Some very bad news this morning ... Grady Martin is dead. More details surely to follow but this is from a reliable source. It's hard to even start talking about his influence ... he played some of the greatest lead guitar on so many of our favorite country, rockabilly, and rock & roll records ... it's not even funny. Me, I'll be blasting out "Alligator Come Across" by Arlie Duff today and when that insane Grady solo comes ripping out, I will lament the fact I never got to meet him.
Deke Dickerson

Posted December 3, 2001
It is a sad day in Country Music History. Grady Martin's body of musical work is so huge that I can hardly address it at this time. Let me just say that his aggressive and confident guitar style on Johnny Horton's records, on Johnny Burnette's records, his twin fiddle work with Tommy Jackson, his twin guitar work with Hank Garland. His beautifully hypnotic "El Paso" No one can touch this. Regarding his creative input and brilliant capacity for on-the-spot arrangements, there were producers who wouldn't do a session without Grady Martin. They wouldn't because they couldn't! Can't talk about this any further right now without cussing so I will leave it alone...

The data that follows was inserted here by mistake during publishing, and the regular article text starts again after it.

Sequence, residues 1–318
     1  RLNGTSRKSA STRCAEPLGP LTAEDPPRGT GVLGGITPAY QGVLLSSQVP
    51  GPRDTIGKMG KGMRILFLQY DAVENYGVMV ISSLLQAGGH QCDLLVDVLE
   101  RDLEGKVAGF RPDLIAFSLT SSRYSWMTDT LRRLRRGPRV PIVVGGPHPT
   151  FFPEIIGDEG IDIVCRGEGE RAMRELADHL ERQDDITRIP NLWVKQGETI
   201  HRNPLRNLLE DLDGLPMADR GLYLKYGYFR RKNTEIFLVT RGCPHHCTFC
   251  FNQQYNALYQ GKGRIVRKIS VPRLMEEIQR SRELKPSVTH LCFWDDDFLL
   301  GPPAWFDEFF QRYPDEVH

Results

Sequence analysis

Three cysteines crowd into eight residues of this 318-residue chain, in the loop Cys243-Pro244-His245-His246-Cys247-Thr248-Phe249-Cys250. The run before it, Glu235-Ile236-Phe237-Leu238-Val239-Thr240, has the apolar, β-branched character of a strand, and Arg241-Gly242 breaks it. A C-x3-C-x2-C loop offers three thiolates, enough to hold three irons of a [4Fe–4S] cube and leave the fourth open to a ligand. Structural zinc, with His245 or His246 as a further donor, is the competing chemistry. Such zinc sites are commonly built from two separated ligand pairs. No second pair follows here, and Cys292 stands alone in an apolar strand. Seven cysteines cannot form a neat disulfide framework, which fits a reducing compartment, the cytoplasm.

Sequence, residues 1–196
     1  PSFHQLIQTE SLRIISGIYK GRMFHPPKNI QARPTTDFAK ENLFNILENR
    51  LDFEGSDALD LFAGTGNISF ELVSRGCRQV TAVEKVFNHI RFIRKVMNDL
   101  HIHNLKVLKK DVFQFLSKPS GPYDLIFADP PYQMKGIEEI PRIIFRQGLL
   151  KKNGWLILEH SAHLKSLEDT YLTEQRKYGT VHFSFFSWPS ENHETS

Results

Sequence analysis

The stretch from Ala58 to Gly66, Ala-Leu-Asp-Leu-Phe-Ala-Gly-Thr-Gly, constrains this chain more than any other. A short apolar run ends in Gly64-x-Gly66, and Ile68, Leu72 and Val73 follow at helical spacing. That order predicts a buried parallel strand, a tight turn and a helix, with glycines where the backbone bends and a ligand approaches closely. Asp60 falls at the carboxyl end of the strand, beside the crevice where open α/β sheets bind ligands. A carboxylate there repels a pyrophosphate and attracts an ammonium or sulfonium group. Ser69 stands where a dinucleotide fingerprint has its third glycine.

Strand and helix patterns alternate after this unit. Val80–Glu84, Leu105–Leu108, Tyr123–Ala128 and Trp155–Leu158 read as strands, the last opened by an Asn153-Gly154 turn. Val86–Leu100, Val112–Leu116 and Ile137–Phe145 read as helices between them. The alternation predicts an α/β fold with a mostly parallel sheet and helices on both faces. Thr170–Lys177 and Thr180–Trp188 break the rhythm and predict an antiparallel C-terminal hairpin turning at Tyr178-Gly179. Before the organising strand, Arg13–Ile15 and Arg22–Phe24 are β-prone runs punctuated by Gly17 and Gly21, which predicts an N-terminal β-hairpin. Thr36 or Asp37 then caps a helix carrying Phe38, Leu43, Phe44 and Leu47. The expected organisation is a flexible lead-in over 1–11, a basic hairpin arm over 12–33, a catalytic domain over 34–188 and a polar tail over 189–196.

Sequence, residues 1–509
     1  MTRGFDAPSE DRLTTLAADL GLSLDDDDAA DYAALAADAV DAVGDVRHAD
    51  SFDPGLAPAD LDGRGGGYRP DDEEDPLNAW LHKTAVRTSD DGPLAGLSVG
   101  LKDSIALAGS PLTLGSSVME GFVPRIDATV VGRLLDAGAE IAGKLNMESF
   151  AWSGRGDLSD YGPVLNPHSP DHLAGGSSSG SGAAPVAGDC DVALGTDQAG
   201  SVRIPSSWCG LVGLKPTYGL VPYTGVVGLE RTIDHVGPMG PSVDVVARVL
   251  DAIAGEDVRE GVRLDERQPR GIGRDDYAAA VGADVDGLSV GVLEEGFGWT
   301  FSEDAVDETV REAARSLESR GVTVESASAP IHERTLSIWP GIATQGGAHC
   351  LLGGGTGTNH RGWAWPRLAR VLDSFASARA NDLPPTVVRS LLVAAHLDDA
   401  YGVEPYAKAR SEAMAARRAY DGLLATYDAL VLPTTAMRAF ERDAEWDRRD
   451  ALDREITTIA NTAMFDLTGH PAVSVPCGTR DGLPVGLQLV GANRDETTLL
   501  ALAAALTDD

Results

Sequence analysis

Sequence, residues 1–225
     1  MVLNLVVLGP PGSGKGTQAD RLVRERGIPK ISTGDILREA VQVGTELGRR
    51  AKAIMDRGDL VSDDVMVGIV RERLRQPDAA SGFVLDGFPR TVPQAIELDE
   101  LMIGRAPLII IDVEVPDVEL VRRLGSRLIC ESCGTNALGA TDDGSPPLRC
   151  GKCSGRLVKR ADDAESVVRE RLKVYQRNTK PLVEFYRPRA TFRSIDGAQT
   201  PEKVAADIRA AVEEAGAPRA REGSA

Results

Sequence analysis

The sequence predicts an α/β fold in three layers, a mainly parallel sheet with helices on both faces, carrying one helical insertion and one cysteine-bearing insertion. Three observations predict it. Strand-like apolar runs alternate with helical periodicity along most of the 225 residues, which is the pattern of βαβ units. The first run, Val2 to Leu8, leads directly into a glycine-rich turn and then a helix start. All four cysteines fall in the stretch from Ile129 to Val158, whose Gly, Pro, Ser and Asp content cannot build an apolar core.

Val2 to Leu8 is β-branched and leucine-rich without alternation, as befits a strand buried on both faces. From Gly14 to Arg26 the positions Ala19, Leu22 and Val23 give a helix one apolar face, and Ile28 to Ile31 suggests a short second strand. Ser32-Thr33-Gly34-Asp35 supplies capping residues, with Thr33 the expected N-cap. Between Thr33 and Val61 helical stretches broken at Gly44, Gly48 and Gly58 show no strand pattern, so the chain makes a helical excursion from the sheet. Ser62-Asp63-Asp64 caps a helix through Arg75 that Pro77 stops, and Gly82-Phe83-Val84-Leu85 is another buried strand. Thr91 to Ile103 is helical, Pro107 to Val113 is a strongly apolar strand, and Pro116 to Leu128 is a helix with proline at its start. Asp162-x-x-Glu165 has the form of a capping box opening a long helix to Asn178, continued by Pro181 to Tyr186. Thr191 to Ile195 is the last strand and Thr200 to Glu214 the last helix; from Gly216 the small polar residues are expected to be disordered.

He will be greatly missed. We loved him very much.
Kittra Moore

Standing a slim six foot, one, Grady Martin, the cool blue-eyed expert of the electric Spainish guitar, is today one of the top folk artists on Decca Records at the age of 23. While attending school back home in Tennessee, Grady heard a friend playing a guitar and decided, "That's for me." He is now heard on WSM and recently recorded "Just a Litlte Lovin'" with Bing Crosby. Grady is married and has one son, Stephen, 2 years old. Grady is proud that he was born on a farm and boasts that he had to walk a mile and a half to school every day. His favorite pastimes now are golf and fishing...that is when he can find the time.

Grady Picked With . . .